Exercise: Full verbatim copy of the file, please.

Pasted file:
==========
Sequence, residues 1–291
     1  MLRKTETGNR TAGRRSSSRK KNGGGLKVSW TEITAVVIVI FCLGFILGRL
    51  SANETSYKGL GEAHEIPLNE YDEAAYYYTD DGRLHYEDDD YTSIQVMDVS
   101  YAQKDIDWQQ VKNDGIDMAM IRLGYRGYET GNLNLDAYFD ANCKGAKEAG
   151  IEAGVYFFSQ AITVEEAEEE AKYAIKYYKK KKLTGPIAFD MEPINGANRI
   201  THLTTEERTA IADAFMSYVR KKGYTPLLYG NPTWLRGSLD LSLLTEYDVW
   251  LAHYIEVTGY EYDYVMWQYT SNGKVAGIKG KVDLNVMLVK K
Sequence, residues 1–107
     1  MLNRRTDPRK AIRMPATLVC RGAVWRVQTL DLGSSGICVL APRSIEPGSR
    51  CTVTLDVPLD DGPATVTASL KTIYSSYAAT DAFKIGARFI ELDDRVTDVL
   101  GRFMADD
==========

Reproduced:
Sequence, residues 1–291
     1  MLRKTETGNR TAGRRSSSRK KNGGGLKVSW TEITAVVIVI FCLGFILGRL
    51  SANETSYKGL GEAHEIPLNE YDEAAYYYTD DGRLHYEDDD YTSIQVMDVS
   101  YAQKDIDWQQ VKNDGIDMAM IRLGYRGYET GNLNLDAYFD ANCKGAKEAG
   151  IEAGVYFFSQ AITVEEAEEE AKYAIKYYKK KKLTGPIAFD MEPINGANRI
   201  THLTTEERTA IADAFMSYVR KKGYTPLLYG NPTWLRGSLD LSLLTEYDVW
   251  LAHYIEVTGY EYDYVMWQYT SNGKVAGIKG KVDLNVMLVK K
Sequence, residues 1–107
     1  MLNRRTDPRK AIRMPATLVC RGAVWRVQTL DLGSSGICVL APRSIEPGSR
    51  CTVTLDVPLD DGPATVTASL KTIYSSYAAT DAFKIGARFI ELDDRVTDVL
   101  GRFMADD